A perfect example of immersive film-making (from Steadicam operator Larry McConkey) is the three-minute shot in Martin Scorsese’s Goodfellas (1990) in which Ray Liotta’s mobster leads his date into a nightclub through the exclusive back entrance, along winding corridors, through a busy kitchen and to a VIP table. While showcasing the supreme command Scorsese has over cinematic technique, the shot also invites the audience into the continuous hustle and bustle of the mobster's world.
Feature-length films like Alexander Sokurov’s Russian Ark (2002) have been filmed in one take, choreographed (after having to restart three times) by DP and Steadicam operator Tillman Büttner to render the finished piece more like a ballet.
“I can’t say I am necessarily enthralled with ‘one-ers’ unless they’re both sensible and valuable – nobody pays any attention to cuts, after all,” says Brown. “But the freedom to get the lens exactly where it’s wanted, to carry on up steps and over doorways in French curves that would drive a dolly crew berserk, remains completely seductive.”
There are so many great Steadicam shots, so asking Brown to select a personal top ten is like asking someone to choose which child they prefer. “I’ve just re-watched Joe Wright’s Pride And Prejudice (2005) and Simon Baker made some ravishingly beautiful and narratively perfect Steadicam sequences,” he says. “And The Revenant (2015) was astoundingly vital and gripping. Alejandro Iñárritu designed, and Scotty Sakamoto operated, some of my favourite sequences of all time.”
Brown, a member of American Society of Cinematographers, contributed to numerous features including Reds (1981), One From The Heart (1981), The King of Comedy (1982), Indiana Jones And The Temple Of Doom (1984), Casino (1995) and Bulworth (1998) before retiring from shooting in 2004 to concentrate on refining an arsenal of camera stabilisation supports for which he holds 50 patents. FlyCam is a high-speed point-to-point system; GoCam is a speedy miniature rail system and SuperFlyCam is an ultra light 35mm wire-borne flyer.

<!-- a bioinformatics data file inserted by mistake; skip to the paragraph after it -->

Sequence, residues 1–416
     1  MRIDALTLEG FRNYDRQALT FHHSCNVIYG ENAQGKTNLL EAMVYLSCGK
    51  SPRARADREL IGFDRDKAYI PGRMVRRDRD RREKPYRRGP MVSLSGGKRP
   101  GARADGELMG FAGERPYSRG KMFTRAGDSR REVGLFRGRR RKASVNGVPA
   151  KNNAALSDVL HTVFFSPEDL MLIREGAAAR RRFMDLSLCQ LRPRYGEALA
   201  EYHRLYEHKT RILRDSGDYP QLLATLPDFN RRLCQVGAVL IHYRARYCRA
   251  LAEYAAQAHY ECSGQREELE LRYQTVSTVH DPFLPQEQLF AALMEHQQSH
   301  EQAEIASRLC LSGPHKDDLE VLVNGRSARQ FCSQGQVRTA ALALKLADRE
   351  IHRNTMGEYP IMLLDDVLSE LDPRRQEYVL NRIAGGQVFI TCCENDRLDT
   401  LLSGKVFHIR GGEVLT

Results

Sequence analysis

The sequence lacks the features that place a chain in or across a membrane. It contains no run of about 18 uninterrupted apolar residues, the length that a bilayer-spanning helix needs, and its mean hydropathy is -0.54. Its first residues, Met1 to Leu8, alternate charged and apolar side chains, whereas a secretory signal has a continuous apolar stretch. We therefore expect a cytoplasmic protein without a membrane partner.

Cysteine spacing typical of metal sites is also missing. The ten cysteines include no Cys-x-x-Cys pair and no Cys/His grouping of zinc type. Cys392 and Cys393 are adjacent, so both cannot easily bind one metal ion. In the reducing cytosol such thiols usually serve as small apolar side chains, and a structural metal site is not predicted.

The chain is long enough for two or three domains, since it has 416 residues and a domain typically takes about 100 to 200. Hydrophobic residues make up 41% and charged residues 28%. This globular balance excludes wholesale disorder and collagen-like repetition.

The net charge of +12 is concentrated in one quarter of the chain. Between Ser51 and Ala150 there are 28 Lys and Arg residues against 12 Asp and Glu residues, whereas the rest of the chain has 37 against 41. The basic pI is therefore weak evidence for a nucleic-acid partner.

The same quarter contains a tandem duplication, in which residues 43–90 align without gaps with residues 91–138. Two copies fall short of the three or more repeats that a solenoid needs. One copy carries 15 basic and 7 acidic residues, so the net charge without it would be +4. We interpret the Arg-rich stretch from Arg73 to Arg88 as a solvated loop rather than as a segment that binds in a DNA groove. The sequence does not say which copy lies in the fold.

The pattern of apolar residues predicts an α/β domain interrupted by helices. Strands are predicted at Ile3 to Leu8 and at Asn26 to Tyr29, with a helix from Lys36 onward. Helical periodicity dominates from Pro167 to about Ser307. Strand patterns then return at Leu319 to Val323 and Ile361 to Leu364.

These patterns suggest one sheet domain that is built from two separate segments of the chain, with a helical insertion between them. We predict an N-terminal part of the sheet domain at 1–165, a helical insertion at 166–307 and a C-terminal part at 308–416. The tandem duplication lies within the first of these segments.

Brown's most recently released invention and his all-time favourite, was not however a commercial success. Tango is a miniature crane perched on a Steadicam arm that permits floor-to-ceiling shooting and “marvellously smooth” traverses. “You stroll along, panning and tilting with a camera-less ‘master’ sled in one hand and a pantographically controlled ‘slave’ sled on the far end, and the little lightweight camera perfectly follows your intended moves,” he describes.
“In the old days I used to take out all of my camera inventions and shoot impressively with them to jump-start sales. Since I retired from shooting, unhappily there has been no champion for Tango. However, I’m confident it will be revived eventually. It’s too good and too exciting and is huge fun to operate.”
When Brown started out, the technology for smooth camera movement were dollies, cranes and camera cars, all land bound. “Aerials [via helicopter] came with fierce propwash and needed lots of space,” he says. “Now, gyro technology lets even minuscule platforms yield eerily smooth shots; and though much of the operating is ‘legato’ to say the least, and thus a bit dreamlike, that will certainly improve.”
Filmmaking via drone has taken Hollywood by storm, much in the way Steadicam once did. Does Brown think UAVs might also affect the language of cinema in time?
“Humans unconsciously ‘operate’ their eyeballs with fierce authority, so even though drones may show us startling vistas, their ‘effect’ is often relatively druggy and tame,” he says. “Eventually pilots and operators will acquire the rapid and precise panning/tilting chops that are a given with Steadicam, and failsafe drones will finally come into their own as narrative tools.”
Brown believes that gyro-stabilising and remote-control, and even autonomously operating technology, are here to stay and will only become more and more astounding “until of course, we take it all for granted!” But he's savvy enough to realise that even Skycam will eventually be displaced “by harmless clouds of nearly invisible drones that swarm around football squads, each assigned to a hapless player whose only defence will be a badminton racquet!”
Brown still has several unreleased inventions, which may yet revolutionise Steadicam operation and continue to provide the most visceral control of both moves and framing.
“I learned long ago to only attempt what I personally want. What still interests me are the fundamentals – how we perceive moving images, for example. The externals of camera manipulation, rather than the internal particulars. I also think we should help people understand that inventing is something that almost any of us might do. You don’t necessarily have to be a technical soul; you just have to really want something and to be motivated enough to chase it with a little money and a lot of thought.”